In The Kitchen: Spiced Cream

Last week I posted an Instagram photo while I was making iced cream and a few of you asked for the recipe, so I'm happily obliging today.

A few years back, shortly after my mister and I were married, I started working on a new business- an iced cream shop. I spent months and months creating and testing recipes, looking at spaces in our Seattle neighborhood, searching for used equipment and all the other work that goes into opening a small business. We even held a big iced cream social (our shop was going to be called 'Social') that also served as a tasting party where I gathered feedback from our friends. Though a variety of things ended up getting in the way of my iced cream shop plans, those months at least left me with a great collection of original iced cream recipes. Today's flavor- Spiced Cream- is my mister's favorite and I think it's a great choice for this time of the year. The spices and vanilla have a warmth reminiscent of masala chai that can make even the gloomiest winter day a bit better, but for those of us in warmer climates, it's still a refreshing treat on a sunny day.

For a 2 qt. batch you'll need:

3 c. heavy whipping cream
1 1/2 c. whole milk
9 large egg yolks
1 c. sugar (this is one of the few recipes I use baker's sugar for rather than evaporated cane juice)
1/4 t. salt
1 t. vanilla extract
1 t. cinnamon
1/2 t. nutmeg (freshly grated is best)
1/4 t. each ginger, clove, cardamom, allspice
1/4 t. fresh ground black pepper (if you're feeling adventurous)
(These spice measurements are a good starting point, but you can add more to taste).

Bring cream, milk, vanilla and spices to simmer in a medium saucepan over medium-low heat. In the meantime, whisk together egg yolks, sugar, and salt until thick.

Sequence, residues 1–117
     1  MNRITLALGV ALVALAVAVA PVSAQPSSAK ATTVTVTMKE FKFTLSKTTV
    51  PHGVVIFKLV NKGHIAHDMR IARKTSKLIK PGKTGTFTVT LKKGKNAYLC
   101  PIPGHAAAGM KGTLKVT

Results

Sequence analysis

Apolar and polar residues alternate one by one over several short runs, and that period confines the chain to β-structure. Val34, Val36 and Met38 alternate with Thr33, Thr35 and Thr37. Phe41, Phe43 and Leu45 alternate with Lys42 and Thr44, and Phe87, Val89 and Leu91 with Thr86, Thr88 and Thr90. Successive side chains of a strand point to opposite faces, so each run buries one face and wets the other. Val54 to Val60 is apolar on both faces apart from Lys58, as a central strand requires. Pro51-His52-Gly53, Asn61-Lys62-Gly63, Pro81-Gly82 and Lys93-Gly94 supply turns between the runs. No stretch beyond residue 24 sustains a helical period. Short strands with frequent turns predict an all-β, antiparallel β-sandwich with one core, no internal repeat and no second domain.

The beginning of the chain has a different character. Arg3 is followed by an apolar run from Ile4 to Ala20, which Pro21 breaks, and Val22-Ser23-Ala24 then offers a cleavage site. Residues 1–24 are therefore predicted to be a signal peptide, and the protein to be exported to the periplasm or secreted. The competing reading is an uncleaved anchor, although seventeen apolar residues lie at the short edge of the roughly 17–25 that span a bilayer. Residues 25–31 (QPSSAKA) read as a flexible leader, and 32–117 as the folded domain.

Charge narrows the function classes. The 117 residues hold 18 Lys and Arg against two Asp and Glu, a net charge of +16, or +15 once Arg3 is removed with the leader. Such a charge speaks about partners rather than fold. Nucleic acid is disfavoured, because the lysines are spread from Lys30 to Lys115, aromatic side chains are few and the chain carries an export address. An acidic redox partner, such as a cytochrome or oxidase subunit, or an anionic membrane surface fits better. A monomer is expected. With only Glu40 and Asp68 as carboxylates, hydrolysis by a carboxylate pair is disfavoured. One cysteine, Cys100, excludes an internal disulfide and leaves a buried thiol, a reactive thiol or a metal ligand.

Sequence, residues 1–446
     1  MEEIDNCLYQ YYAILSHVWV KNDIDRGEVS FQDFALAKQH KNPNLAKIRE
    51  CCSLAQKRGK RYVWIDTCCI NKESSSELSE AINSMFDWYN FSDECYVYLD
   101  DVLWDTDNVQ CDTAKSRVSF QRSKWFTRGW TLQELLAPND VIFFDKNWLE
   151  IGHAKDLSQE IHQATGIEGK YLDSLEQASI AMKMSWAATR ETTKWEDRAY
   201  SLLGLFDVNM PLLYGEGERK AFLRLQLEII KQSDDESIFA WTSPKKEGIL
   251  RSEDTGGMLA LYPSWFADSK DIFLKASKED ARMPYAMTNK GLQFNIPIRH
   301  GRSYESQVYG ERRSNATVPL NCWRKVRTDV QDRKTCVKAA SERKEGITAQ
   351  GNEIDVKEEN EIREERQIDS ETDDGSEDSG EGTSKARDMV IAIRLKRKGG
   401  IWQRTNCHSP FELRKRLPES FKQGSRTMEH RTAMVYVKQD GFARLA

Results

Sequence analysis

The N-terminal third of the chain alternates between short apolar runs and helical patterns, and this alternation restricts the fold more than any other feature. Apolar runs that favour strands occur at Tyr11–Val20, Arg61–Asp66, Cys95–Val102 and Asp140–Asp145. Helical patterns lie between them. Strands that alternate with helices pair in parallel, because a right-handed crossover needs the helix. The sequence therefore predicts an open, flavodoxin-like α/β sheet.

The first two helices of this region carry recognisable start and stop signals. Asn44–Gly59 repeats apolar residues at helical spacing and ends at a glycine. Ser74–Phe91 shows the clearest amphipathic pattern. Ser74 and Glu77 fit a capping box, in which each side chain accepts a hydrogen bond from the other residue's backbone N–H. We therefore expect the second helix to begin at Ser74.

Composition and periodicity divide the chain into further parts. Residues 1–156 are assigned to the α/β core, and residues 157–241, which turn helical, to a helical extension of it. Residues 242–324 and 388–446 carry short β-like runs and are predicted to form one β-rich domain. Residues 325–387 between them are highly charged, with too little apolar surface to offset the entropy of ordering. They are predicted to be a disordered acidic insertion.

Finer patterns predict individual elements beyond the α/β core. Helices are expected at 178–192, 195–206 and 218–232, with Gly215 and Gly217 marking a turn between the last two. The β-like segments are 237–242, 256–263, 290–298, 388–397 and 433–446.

Once the cream mixture is simmering (small bubbles will appear across the surface), remove from heat and slowly whisk the hot cream into the egg yolk mixture. I like to 'temper' the mixture by quickly whisking about 1/4 cup of the cream into the eggs before adding the rest.

Return mixture to saucepan and stir over medium-low heat until it reaches 178°F (about 5 minutes). Immediately remove from heat. The temperature is very important so the easiest way to ensure you don't scald the mixture is to keep a thermometer clipped to the side of the pan, making sure the tip doesn't touch the bottom or side of the pan. If you have a digital thermometer, you can set it to monitor the temp and beep when it's reached 178°.

Set a fine mesh strainer over a large bowl and and strain the iced cream base into the bowl. Place bowl inside a larger bowl and surround with ice. Add water to create an ice bath and place the bowls in the fridge. Stir periodically until the mixture has chilled completely.

Once chilled, freeze the iced cream base in your iced cream maker according to the manufacturers instructions. (We have the Cuisinart 2 qt maker and for an affordable home machine I think it's wonderful).

After the iced cream maker has done it's job, transfer the iced cream to a freezer safe container and freeze until it's at your preferred consistency- 2 hours is usually perfect. Serve and enjoy! If you're looking for a slightly fancier dessert, homemade gingersnaps make a great companion to the spicy flavors of the iced cream.

A few notes:

- You can try making this low fat by using lower fat milk, but I can't attest to the results. It will likely not be as creamy and smooth.

-Homemade iced cream, without all the preservatives and stabilizers of many store bought brands, melts much faster, so you'll want to serve it right before it will be eaten for best consistency.

-This recipe is a great base for other iced cream flavors, just omit the spices and add other ingredients.

Once you try this recipe at home, let me know what you think! I'd also love to hear your ideas for any additions or substitutions.